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OOTB 6 – 6 Dec 2001

A very fine evening upstairs at The Waverley was had by all with a completely new songwriter line-up and clientele from last week.

The show kicked off with compere Nelson and soundman Jim playing a spooky tune called “The Weather In June” originally premiered with the band Scatter (The Pigs Are Coming) several moons ago.

Next up was a gentleman from Manchester by the name of Trip Fontaine. Following in the footsteps of fellow Mancunians the Smiths, Oasis and the Bee Gees may be daunting for some but not Trip. He has that gift of being able to write songs that you think you’ve heard before but are in fact original and very tuneful, too. Playing a well-worn 12-string guitar, he took the audience on an almost spiritual journey with his simple, melodic and uplifting music. Starting with “Here She Comes” and “Final Cigarette” you knew a star of O.O.T.B. was born. “Freeway” was the first tribute to the dog from popular US 80s TV programme “Hart To Hart” that we’ve had at the Waverley. Finally, “Mr. Sunshine” is a summer song that bursts with colour at any time of the year. A very fine debut.

A familiar face to regulars of Edinburgh Songwriters’ Showcase (R.I.P) at The Tron Tavern, Jim Bryce is a musician and showman extraordinaire. He started on keyboards with the awesome “New Directions For The Blues” – a commentary on the depressing nature of the news media. “Waiting For The Man”, is folk/blues with a definite edge, with very impressive guitar-work.  “Moon And Water Song” was a haunting, spiritual piece with a most harmonious penny whistle moving like the tide in between Jim’s vocals. A Christmas song “Pictures” was the first such seasonal offering at the Waverley and a sentimental, pretty song it was too . A one-man variety act with, it seems, a vast reservoir of good, tuneful songs. (Jim Bryce is in panto at the Brunton Theatre, Musselburgh in ‘Sleeping Beauty’).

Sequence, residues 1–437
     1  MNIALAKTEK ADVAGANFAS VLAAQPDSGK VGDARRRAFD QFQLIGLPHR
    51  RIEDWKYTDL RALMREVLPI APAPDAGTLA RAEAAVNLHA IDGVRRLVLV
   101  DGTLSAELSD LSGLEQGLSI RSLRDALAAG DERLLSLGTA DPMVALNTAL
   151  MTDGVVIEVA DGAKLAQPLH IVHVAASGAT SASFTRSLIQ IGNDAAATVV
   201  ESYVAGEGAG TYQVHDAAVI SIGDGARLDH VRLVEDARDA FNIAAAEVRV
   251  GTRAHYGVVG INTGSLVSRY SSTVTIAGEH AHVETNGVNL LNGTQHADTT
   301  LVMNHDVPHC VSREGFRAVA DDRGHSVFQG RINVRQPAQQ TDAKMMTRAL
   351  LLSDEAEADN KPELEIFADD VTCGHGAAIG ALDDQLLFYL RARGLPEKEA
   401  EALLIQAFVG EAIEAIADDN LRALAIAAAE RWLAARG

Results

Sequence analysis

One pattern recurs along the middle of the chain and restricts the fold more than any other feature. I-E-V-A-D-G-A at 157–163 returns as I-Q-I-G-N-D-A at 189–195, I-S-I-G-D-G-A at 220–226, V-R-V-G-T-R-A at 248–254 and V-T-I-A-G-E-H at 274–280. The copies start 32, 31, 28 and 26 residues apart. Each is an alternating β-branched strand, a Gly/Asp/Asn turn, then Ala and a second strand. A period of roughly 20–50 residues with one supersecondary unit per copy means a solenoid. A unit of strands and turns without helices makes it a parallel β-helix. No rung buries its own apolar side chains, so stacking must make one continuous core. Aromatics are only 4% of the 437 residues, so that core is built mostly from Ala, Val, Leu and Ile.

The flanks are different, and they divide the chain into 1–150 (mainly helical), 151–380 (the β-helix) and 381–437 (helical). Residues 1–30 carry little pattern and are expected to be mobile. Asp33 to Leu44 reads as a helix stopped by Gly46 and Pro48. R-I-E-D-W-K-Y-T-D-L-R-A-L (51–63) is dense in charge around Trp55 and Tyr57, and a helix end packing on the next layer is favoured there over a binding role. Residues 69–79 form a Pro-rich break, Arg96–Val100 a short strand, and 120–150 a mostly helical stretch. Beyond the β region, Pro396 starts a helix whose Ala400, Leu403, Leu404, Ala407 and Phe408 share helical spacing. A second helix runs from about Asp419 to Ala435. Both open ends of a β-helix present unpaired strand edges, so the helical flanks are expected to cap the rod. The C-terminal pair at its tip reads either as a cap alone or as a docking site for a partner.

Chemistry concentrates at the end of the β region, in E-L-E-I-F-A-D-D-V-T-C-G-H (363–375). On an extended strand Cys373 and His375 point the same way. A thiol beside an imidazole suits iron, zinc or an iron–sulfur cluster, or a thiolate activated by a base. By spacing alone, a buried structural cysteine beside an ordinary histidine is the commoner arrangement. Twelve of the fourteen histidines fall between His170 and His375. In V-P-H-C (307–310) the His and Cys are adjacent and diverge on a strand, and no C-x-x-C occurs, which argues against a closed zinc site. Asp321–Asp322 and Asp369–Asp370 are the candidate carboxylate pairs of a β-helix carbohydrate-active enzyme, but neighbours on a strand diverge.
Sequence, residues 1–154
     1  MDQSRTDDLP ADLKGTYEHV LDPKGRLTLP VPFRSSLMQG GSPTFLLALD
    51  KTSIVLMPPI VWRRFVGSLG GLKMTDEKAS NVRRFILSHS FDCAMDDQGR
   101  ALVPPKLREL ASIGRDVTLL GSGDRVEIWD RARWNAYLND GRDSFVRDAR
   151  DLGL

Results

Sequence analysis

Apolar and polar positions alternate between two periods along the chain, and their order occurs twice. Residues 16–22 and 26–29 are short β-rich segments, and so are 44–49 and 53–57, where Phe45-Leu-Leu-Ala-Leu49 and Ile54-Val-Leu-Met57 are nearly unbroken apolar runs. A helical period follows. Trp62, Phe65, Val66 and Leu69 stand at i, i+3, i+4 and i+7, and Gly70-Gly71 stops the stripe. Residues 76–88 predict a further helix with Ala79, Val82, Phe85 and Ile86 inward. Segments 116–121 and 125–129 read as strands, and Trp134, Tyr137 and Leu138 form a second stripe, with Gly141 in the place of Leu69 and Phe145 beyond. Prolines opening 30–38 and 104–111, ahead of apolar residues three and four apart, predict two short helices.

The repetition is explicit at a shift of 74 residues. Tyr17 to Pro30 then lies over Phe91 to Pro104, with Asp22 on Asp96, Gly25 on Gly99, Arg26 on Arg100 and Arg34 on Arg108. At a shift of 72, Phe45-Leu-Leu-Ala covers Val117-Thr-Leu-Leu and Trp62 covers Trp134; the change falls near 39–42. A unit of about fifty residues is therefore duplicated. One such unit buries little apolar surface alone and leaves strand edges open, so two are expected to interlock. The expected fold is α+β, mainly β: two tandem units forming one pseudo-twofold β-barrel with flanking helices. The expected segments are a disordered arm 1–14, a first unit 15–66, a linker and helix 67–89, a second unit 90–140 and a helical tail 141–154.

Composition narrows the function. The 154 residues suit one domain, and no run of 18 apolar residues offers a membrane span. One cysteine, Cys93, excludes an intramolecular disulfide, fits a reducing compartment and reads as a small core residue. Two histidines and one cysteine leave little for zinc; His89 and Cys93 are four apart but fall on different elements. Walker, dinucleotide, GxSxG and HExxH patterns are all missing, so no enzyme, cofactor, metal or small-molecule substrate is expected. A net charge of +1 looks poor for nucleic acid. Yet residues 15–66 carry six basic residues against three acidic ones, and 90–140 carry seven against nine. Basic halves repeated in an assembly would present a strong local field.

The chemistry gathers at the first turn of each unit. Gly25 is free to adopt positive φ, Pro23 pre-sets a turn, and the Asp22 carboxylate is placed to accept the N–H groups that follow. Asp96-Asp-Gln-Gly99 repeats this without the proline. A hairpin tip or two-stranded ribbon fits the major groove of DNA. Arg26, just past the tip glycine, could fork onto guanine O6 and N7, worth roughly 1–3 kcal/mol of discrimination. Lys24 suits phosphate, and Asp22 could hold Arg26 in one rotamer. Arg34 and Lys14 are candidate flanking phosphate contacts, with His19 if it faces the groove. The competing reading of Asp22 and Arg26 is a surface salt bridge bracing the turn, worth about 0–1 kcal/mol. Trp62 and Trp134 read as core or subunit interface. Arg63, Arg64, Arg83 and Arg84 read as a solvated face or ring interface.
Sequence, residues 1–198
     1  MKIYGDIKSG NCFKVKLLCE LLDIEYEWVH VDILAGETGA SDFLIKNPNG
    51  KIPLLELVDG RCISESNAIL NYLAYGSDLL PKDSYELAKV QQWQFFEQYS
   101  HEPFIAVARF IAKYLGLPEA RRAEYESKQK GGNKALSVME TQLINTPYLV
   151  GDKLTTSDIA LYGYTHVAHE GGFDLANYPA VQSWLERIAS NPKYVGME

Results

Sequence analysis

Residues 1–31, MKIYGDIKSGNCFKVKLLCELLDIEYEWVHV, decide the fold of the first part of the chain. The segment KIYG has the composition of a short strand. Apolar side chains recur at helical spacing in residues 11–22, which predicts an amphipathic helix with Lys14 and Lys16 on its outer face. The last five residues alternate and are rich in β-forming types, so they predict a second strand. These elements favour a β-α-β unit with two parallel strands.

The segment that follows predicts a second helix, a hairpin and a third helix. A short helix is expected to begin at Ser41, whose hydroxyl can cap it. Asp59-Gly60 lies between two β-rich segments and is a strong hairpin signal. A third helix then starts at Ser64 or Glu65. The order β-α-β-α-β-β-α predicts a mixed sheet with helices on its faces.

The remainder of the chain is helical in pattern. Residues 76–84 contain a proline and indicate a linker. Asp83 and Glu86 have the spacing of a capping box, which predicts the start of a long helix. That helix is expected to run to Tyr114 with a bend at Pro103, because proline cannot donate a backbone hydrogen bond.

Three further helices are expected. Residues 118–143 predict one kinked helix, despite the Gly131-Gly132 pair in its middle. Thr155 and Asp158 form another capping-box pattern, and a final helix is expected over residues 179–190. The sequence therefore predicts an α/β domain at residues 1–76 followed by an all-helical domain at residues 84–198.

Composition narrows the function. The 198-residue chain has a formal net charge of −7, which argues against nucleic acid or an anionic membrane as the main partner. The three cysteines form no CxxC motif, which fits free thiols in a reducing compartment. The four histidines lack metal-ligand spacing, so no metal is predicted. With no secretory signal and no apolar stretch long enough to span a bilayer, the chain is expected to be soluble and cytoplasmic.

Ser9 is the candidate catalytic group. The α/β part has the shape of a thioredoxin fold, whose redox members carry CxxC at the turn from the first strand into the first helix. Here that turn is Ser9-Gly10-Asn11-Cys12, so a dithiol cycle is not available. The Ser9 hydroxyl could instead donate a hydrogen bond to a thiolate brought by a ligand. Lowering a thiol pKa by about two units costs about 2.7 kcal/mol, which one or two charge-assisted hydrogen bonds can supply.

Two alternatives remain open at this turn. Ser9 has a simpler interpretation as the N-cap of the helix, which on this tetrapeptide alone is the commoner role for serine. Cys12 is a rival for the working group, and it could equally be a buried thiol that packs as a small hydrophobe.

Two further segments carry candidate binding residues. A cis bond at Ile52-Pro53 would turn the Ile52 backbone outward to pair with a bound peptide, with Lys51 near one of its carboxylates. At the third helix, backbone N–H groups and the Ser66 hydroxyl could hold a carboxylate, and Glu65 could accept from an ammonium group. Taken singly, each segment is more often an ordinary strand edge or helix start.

There was a welcome return for Julie Dawid who played a couple of weeks ago. This young lady from London entertained with a smile on her face with bittersweet tales of love lost. She gets better every time she plays and is a regular at Kin, a music/poetry/book reading evening that runs fortnightly upstairs at the Café Royal, which is worth checking out. In the style of a female Nick Drake, she started with a song (“In The Ground”?) about that eternally favourite subject of songwriters i.e. death. We were treated to a song, “I Wish You Wonderful Things”, she’d only ever performed at her brother’s wedding, a very touching song, and I felt privileged that Julie played it on our night. On “My Garden” – a “back to the planet” song – she was accompanied by Nelson on bongoes. Her song “City Dreams” is perhaps the best, a song about her home village of London and it flows very nicely indeed.

The raffle was then drawn and Mrs. Trip Fontaine won the prize – a swanney whistle for her jam sessions with her husband!

Mr. Trip came back on for a couple of numbers and Jim and Nelson also ended with a brace to end the evening.

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